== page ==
Friendships & Activities

Gift Guide: ADHD-Friendly Presents to Build Your Child’s Brain

A fidget that doubles as a ruler. A safe crash pad for wrestling, jumping, and crashing. A hammock cocoon. And more ADHD-tested gift ideas for creative, spirited, sometimes forgetful and disorganized kids.

A boy is excited to recieve one of the best gifts for kids with ADHD.
1 of 16

Break the Gift-Giving Mold!

Yes, you could buy another baby doll or Nerf weapon, and your kid would probably love it. Or you could invest in a gift that stimulates your child’s brain, builds up her working memory, or helps him improve social skills. If you’d like to give the gift of stronger organization skills, focus at school, or reduced anxiety, use these ADHD-tested recommendations to get a jump on holiday shopping.

A girl with ADHD sleeps under a weighted blanket she received as a gift.
2 of 16

1. Mosaic Weighted Blankets

Kids with ADHD don’t sleep well. Why? Their brains and bodies run in perpetual overdrive — and when comorbid conditions like anxiety or sensory issues come along for the ride, quiet rest is elusive. One solution is this calming weighted blanket, which wraps your child in a reassuring “hug” as he falls asleep. Mosaic blankets come in tons of colors, patterns, and weights, so you can construct the most snuggly combination for your unique child.  ($84.95-$139.95; www.mosaicweightedblankets.com)

A kiwi crate is a great gift for kids with ADHD.
3 of 16

2. Kiwi Crates

It takes serious time and energy to find toys that are age-appropriate, stimulate curiosity, and encourage our children to interact with the world. Now, a subscription service called Kiwi Crate does the heavy lifting, sending you a kit each month filled with STEM-based activities to get kids aged 3-4, 5-8, or 9-16+ thinking, learning, and building. Each Kiwi Crate comes with handy ratings, indicating the expected level of parental involvement, mess, and skill building in each kit. They’re all-in-one tools to help your child’s creativity blossom! (Starting at $16.95/month; www.kiwicrate.com)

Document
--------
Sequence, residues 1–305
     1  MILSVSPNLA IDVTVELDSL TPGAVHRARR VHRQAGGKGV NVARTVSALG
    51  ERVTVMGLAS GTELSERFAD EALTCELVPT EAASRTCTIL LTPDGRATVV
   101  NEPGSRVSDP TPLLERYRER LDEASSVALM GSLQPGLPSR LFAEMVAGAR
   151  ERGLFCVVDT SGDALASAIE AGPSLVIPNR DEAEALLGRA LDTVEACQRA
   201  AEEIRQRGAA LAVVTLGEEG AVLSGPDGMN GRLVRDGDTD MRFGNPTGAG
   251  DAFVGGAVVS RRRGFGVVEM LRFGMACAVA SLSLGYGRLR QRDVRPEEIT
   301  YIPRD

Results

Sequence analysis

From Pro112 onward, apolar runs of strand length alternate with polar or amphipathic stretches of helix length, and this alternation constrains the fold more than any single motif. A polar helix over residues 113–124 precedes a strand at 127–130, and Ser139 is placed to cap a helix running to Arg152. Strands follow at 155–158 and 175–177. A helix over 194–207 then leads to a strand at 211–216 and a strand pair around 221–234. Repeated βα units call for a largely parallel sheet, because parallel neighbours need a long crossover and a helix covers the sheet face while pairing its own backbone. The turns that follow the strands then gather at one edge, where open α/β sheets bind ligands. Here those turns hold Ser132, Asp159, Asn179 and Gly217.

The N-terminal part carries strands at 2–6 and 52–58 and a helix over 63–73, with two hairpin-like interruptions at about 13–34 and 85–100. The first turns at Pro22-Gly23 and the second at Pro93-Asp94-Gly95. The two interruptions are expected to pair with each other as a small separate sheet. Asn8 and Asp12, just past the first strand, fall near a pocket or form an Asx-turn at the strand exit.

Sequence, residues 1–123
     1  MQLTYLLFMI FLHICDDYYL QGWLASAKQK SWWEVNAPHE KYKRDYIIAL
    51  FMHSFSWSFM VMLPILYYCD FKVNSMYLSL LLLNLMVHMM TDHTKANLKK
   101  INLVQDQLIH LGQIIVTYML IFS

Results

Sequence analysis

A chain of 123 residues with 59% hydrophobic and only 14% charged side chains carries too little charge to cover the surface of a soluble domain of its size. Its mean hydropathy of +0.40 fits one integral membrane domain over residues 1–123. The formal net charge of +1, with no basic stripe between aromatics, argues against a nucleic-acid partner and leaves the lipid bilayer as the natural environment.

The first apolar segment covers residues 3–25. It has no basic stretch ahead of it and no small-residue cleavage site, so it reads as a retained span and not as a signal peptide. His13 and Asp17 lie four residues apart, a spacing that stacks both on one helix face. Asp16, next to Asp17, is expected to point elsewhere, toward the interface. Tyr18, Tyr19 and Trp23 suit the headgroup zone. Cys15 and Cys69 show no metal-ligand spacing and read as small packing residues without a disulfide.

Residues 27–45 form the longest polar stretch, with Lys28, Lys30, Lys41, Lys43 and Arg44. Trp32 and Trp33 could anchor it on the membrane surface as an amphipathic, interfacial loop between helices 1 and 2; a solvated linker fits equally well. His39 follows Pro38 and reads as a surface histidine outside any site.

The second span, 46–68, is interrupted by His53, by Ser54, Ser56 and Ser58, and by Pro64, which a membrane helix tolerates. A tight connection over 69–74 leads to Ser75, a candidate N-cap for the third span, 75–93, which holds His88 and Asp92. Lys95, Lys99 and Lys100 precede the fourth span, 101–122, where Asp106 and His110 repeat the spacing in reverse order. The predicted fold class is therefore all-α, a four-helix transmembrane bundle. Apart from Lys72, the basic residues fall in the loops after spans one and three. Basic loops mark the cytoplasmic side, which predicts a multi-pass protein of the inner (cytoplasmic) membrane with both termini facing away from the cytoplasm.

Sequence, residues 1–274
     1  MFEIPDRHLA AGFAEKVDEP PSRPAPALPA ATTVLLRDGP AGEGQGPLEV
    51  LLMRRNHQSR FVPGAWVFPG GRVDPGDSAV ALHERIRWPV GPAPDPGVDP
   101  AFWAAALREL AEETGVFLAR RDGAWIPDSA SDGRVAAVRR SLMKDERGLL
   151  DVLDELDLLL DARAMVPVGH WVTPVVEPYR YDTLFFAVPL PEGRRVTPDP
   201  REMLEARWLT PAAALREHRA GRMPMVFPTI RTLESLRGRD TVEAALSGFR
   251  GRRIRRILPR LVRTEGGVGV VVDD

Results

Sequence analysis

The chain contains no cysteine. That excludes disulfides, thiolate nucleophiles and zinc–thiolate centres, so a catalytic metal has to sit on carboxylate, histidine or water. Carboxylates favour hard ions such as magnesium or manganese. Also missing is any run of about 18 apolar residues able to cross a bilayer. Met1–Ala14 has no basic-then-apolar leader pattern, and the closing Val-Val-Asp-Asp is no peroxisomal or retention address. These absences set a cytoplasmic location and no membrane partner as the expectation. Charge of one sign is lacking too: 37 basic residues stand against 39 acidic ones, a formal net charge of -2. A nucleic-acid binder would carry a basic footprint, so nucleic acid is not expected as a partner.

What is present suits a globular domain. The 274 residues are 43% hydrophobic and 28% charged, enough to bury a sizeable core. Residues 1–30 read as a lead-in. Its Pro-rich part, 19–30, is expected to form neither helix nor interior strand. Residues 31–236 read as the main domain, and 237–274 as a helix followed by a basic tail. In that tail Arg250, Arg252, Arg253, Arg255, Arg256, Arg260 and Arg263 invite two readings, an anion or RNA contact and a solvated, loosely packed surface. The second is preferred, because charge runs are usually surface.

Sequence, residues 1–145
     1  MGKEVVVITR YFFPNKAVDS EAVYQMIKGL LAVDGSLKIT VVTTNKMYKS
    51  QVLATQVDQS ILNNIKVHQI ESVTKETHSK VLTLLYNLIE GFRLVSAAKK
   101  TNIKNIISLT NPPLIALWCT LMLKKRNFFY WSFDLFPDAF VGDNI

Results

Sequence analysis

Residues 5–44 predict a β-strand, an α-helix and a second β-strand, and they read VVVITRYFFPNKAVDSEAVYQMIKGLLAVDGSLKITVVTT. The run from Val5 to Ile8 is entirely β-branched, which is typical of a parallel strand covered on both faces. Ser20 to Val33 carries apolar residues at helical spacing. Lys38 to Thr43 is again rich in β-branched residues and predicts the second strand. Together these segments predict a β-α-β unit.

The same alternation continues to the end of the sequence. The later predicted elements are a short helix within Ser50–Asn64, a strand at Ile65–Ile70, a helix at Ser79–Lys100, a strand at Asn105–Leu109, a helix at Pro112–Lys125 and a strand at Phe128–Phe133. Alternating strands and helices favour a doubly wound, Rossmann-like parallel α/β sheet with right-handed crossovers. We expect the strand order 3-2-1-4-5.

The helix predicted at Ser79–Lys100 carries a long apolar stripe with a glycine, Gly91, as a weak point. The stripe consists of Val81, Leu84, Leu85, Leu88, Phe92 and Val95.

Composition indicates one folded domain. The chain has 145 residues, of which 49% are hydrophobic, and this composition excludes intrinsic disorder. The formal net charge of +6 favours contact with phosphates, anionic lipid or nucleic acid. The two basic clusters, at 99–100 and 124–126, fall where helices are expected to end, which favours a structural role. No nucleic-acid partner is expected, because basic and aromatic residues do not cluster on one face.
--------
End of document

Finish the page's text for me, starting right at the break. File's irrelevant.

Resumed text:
A mom high-fives her daughter. Giving praise is part
4 of 16

3. Desk Buddy

Some kids with ADHD focus best when fidgeting, but misinformed teachers may assume that movement distracts from their work. Now, with the dual-purpose Desk Buddy, kids can fidget and remain productive, with teachers and classmates none the wiser! This fidget doubles as a ruler, and has differently textured sections for children to rub or tap to their heart’s desire. It’s made of FDA-approved material, dishwasher-safe, and bacteria resistant — so don’t worry: it’s safe for your child to chew, too! ($9.99; www.sensoryuniversity.com)

This green swing is great for people with ADHD.
5 of 16

4. InYard Therapy Net Swing

This super strong hammock swing is perfect for children with hyperactivity or sensory issues, or anyone on the autism spectrum. The high-quality cotton and Lycra fabric swaddles your child like a cocoon, creating a relaxing safe space where she can rock all her worries away. The therapy swing comes in several colors and is machine-washable; plus, the “jumbo” size supports up to 165 pounds — perfect for teens and even parents. ($69.70-$89.70; www.inyardproducts.com)

This will help your child with ADHD with their balance!
6 of 16

5. Diggin Wobble Deck Extreme Balancing Game

Balance boards like the Diggin Wobble Deck are used by Dr. Ned Hallowell in his Learning Breakthrough Program (LBP), a non-medical exercise-based intervention for treating ADHD. The program is based on stimulating the cerebellum and frontal lobe, spurring natural improvement of difficult ADHD symptoms. Your child doesn’t need to know any of this, though — she’ll be having too much fun wiggling and rocking on the balance board! Have her try it while she’s watching TV; she’ll improve balance, coordination, and (maybe) ADHD symptoms instead of just sitting there. ($39.95; www.stuccu.com)

With this set up, your child with ADHD will be so comfortable and focused, homework won’t seem like such a big deal.
7 of 16

6. Too Cool Tween Homework Kit

As a child enters the tween years, she peer needs, attention skills, and temperament all begin to change. She may suddenly be more opposed to doing her homework at precisely the time when middle- and high-school grades begin to really matter. To bring her attention back to homework, get her this all-in-one focus kit, complete with a comfy beanbag, a sensory cushion, and a concentration-boosting CD. She’ll be so comfortable and focused, homework won’t seem like such a big deal. ($136.96; www.funandfunction.com)

check out this mega “crash pad,” where your child can jump, fall, or wrestle to his heart’s content.
8 of 16

7. Crash Pad

If your child has hyperactive-type ADHD, chances are you’ve considered outfitting him in full, protective football gear as he leaps boldly from couches, careens around the house, or spins wildly in his tire swing. To give you peace of mind (and him a new thrill-seeking activity!) check out this mega “crash pad,” where your child can jump, fall, or wrestle to his heart’s content. The surface wipes clean, and the cushy foam is bouncy enough for jumping, yet soft enough for relaxing. No more busted bedsprings or skinned knees! ($155; on www.amazon.com)